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A Midsummer Month’s Dream
by Megan Barnes

March 4, 2009 News No Comments

As spring approaches, I sometimes catch myself wondering if the five weeks I spent in the UK last summer were in fact some fantastic midsummer month’s dream. 

I often mentally return to my room at Pembroke College, Cambridge, the third oldest college in the University of Cambridge system. I walk down the centuries-worn staircase and through the courtyards, taking in the beautiful architecture and feeling again that I wouldn’t rather be anywhere else in the world.

Along with about 150 other college students, most from the UC system, I took part in UC Irvine’s over-30-years-in-the-running Travel-Study program in Cambridge, England. While studying South African Literature and Shakespeare on Film, two of the most fascinating courses I have ever taken, I explored many places throughout the UK, made amazing friends, learned a lot about myself, and became broke by the end of it (thank you, USD). Still, I think this trip was life-changing and worth every penny. 

The first thing that struck me about Cambridge upon my arrival was its architecture. I had never been in a city that felt and looked so old. The narrow, cobble-stone streets were composed of one beautiful neo-Gothic building after the next, lined with small shops and punctuated, of course, with the occasional Starbucks (a Frappuccino cost about $6!). I had never seen anything like it. The grounds of the colleges were picturesque and the sights of Cambridge never became dull. 

Each week we had a formal dinner in a Harry Potter-esque hall, participated in activities with the T.A.’s (punting, museum visits, etc.) and took day trips to different parts of England including London, Bath, Stonehenge, and Stratford. My friends and I spent the last weekend in Wales, and many of our classmates went elsewhere in Europe.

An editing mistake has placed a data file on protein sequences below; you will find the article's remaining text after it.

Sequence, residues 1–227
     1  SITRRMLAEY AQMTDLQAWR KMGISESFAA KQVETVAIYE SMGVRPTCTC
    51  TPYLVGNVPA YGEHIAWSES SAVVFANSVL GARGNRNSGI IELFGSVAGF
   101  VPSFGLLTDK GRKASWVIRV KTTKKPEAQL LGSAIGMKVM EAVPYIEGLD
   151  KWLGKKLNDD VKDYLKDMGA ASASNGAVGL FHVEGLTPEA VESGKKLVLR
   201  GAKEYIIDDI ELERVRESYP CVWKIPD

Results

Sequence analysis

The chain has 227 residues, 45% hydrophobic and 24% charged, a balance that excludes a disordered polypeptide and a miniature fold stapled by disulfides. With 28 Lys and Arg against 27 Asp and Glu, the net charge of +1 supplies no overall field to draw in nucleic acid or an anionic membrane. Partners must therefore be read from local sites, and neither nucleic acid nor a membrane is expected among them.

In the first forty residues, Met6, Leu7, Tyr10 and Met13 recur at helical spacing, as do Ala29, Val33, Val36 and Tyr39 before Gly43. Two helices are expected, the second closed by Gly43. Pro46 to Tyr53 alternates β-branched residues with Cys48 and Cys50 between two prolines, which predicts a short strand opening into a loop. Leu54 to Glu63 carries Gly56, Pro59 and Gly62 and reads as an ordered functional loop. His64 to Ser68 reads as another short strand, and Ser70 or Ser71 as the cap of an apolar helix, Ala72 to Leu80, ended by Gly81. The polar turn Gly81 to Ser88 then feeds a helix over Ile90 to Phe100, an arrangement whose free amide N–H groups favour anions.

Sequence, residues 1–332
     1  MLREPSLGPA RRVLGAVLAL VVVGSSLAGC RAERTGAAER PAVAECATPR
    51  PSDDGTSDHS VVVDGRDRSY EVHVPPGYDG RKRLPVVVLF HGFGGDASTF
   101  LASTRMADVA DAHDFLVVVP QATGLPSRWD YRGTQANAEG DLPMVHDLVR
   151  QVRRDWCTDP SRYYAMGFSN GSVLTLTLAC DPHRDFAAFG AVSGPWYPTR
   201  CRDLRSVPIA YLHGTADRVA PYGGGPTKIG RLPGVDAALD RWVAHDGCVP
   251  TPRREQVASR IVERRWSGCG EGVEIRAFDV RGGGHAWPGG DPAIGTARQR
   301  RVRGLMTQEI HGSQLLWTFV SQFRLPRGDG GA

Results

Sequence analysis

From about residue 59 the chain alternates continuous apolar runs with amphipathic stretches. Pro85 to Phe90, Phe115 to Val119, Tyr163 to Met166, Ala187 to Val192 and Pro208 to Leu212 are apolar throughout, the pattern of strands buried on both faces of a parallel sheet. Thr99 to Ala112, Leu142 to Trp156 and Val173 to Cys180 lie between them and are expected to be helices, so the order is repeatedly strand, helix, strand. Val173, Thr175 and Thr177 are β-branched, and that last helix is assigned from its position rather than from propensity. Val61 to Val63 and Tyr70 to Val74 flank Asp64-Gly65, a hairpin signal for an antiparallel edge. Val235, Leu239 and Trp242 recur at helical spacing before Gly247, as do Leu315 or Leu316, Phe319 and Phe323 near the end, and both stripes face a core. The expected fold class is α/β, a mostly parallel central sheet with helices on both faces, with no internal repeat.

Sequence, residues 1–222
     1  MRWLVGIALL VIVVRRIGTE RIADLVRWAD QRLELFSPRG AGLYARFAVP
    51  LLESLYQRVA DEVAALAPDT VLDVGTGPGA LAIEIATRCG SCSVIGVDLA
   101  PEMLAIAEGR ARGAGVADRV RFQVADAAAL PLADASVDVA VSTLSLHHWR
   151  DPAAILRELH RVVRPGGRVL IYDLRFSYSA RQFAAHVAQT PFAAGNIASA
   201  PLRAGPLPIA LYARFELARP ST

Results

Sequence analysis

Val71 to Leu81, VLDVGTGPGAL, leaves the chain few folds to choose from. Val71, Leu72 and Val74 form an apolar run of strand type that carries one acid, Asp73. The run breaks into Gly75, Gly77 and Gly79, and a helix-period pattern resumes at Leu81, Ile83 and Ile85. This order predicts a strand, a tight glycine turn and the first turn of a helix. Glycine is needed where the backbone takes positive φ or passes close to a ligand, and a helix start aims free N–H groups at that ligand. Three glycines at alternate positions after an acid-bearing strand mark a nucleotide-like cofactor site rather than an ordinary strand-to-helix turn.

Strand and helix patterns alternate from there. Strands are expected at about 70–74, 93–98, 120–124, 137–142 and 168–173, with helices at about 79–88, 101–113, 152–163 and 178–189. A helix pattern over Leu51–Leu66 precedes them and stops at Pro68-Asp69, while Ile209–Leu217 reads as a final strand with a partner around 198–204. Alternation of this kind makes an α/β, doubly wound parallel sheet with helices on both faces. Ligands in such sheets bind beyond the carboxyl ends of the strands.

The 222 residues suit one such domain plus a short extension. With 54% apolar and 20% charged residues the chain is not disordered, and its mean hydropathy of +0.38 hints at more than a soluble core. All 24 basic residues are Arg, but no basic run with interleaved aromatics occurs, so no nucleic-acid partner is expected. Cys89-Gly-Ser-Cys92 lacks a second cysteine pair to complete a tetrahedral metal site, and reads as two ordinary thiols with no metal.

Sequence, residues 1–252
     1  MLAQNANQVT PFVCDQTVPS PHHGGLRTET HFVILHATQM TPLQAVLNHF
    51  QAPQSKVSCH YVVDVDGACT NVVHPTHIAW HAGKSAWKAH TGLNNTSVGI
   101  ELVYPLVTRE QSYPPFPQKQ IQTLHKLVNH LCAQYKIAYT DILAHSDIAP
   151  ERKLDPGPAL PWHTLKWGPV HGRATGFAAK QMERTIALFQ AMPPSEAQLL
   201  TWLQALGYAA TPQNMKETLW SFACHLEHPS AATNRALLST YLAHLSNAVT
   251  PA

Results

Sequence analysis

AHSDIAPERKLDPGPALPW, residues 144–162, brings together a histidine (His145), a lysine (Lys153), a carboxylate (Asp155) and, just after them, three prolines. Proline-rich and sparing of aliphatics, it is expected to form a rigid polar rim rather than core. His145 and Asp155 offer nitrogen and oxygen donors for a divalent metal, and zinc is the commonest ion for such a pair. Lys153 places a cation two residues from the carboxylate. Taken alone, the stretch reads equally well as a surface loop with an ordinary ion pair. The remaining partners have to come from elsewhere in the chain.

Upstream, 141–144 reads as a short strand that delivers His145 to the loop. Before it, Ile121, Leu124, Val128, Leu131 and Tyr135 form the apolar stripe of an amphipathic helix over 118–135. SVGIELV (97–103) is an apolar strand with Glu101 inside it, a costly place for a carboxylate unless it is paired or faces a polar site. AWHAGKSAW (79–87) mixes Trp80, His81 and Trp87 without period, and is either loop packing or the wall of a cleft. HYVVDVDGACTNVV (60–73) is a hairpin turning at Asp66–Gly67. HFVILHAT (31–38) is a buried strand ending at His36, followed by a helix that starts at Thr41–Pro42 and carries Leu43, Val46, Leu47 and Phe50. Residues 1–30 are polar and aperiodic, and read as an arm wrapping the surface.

But prior to these explorations, we had hardly started classes before we took a five-day trip to Edinburgh, Scotland, checking out ruins on the way. 

I never imagined that I would travel to Scotland, but it was by far one of the best parts of the trip. We stayed at the University of Edinburgh and explored the city by day. We went on a “Sinners and Saints” tour of the old city, and it seemed like at every stop, our tour guide Neil informed us that we were standing at the execution site of some 16th century criminal. We ate lunch at the café where J.K. Rowling started writing the Harry Potter series on napkins, and the view of Edinburgh Castle from the table where she supposedly sat seemed like an undeniable inspiration for Hogwarts Castle. We hiked to the top of Arthur’s Seat and went to Rosslyn Chapel of “The Da Vinci Code,” and due to scaffolding, were able to get up close to the exterior levels. Those five days did not feel long enough for a place so full of history. 

One Saturday, after taking a walking tour of London, I stopped with some friends to eat sandwiches on the grass under Big Ben when I noticed a bunch of protestors having a tent city. I wondered what they were protesting so approached a group of them, and as soon as I opened my American mouth, a crazed looking man stared at me with wide eyes. He started telling me the wrongs of my country and then-president, but was glad that I agreed with many of his criticisms. And then he fell of his rocker when he said Bush and Obama “drink the blood of children.” I considered it metaphorically and he quickly assured me that he meant it literally, telling me of some forest where the elite feast on the blood of pre-pubescent youth (his words, not mine). “Follow the line of inquiry,” he kept repeating as I politely excused myself to return to our picnic. But I had hardly sat down before we began a mad dash to catch the ferry to Bankside, where we would later see “A Midsummer Night’s Dream” at the Globe.